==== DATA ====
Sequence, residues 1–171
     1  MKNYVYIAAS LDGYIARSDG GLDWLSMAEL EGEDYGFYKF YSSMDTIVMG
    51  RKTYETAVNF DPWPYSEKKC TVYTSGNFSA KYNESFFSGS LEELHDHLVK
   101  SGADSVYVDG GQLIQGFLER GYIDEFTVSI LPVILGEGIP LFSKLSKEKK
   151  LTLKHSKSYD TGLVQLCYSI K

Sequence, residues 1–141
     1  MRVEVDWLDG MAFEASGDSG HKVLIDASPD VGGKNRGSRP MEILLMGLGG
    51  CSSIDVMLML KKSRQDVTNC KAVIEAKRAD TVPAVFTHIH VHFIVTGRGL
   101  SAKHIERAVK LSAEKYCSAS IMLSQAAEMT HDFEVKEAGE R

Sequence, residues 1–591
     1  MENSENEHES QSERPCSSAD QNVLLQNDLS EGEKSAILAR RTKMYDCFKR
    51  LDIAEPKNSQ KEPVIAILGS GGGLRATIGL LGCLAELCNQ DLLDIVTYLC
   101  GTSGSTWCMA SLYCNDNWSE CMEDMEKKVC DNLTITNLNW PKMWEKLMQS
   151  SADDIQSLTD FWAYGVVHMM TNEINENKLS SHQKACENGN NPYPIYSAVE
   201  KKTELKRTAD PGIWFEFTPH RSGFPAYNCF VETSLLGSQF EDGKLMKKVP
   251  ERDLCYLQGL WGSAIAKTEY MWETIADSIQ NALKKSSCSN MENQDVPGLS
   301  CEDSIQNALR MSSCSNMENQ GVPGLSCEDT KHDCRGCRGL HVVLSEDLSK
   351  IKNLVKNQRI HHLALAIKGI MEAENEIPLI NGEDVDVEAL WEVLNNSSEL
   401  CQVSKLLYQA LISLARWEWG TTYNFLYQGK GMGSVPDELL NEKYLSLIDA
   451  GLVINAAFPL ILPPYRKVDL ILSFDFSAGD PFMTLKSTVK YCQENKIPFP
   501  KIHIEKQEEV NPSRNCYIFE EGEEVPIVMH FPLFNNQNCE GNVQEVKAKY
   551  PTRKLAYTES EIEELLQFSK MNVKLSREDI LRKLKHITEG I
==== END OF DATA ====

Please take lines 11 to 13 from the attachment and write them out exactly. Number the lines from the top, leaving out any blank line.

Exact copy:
     1  MENSENEHES QSERPCSSAD QNVLLQNDLS EGEKSAILAR RTKMYDCFKR
    51  LDIAEPKNSQ KEPVIAILGS GGGLRATIGL LGCLAELCNQ DLLDIVTYLC
   101  GTSGSTWCMA SLYCNDNWSE CMEDMEKKVC DNLTITNLNW PKMWEKLMQS